If a company buys a single intangible asset directly from its owner, the financial reporting follows the pattern previously described. Whether the asset is a trademark, franchise, copyright, patent, or the like, it is reported at the amount paid with that cost then amortized over the shorter of its useful life or legal life. Intangible assets that do not have finite lives are not amortized and will be discussed later in this chapter. Reporting the assigned cost of intangible assets acquired when one company (often referred to as “the parent”) buys another company (“the subsidiary”) is a complex issue discussed in detail in upper-level Advanced Accounting courses. In simple terms, all the subsidiary’s assets (inventory, land, buildings, equipment and the like) are valued and recorded at that amount by the parent as the new owner.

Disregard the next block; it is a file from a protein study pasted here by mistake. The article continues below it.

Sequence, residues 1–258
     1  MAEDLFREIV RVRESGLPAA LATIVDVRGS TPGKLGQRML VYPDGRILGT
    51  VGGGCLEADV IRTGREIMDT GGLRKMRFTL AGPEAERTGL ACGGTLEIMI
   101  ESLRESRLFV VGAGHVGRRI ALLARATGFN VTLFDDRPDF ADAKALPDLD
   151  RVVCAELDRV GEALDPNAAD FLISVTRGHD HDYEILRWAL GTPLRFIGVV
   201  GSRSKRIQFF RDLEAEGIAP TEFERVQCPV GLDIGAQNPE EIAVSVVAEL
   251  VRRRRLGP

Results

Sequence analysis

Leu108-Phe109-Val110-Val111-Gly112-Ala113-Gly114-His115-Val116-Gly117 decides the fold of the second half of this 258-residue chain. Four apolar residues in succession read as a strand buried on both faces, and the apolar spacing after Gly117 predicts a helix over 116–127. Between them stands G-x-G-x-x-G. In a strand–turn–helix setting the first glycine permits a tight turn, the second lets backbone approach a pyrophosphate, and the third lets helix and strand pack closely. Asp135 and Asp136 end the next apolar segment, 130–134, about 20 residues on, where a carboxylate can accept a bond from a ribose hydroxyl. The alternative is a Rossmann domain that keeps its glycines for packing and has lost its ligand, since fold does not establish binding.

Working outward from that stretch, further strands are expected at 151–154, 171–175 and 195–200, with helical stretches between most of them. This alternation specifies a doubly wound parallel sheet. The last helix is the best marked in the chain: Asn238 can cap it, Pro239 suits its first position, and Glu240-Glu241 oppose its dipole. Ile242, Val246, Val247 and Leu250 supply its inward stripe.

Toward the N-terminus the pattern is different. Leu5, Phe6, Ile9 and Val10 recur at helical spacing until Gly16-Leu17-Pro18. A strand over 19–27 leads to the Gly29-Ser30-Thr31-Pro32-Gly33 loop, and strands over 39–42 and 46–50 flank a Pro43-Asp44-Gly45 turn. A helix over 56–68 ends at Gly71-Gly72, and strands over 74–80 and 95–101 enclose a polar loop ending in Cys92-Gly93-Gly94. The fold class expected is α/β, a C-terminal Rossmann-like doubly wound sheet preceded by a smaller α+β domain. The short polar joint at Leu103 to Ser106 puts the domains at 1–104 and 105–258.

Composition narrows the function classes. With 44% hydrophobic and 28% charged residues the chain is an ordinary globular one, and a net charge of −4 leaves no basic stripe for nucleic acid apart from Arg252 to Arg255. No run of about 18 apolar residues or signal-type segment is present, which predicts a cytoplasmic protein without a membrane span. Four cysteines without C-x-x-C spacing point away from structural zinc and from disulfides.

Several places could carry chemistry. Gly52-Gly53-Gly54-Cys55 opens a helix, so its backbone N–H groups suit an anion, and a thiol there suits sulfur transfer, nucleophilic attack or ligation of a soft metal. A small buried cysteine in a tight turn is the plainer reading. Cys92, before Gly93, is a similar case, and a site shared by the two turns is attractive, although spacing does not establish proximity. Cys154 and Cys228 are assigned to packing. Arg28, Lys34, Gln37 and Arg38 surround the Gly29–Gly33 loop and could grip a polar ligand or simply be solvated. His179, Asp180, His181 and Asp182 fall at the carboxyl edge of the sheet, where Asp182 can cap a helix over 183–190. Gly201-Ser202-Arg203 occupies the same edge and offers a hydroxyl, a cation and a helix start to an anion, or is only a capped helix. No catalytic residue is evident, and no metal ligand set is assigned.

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Each intangible asset held by the subsidiary that meets certain rules is identified and also consolidated by the parent at its fair value. The assumption is that a portion of the price conveyed to buy the subsidiary is actually being paid to obtain these identified intangible assets. Thus, to the parent company, fair value reflects the cost that was conveyed to gain the intangible asset. For example, assume Big Company pays $10 million in cash to buy all the stock of Little Company. Among the assets owned by Little are three intangibles (perhaps a copyright, patent, and trademark) that are each worth $1 million. Little also owns land worth $7 million. The previous book value of these assets is not relevant to Big. Following the takeover, Big reports each of the intangibles on its own balance sheet at $1 million. This portion of the acquisition value is assumed to be the historical cost paid by Big to obtain these assets. A company that buys a lot of subsidiaries will often report large intangible asset balances. When Big buys Little Company, it is really gaining control of all of these assets and records the transaction as follows. This entry will lead to the consolidation of the balance sheet figures.
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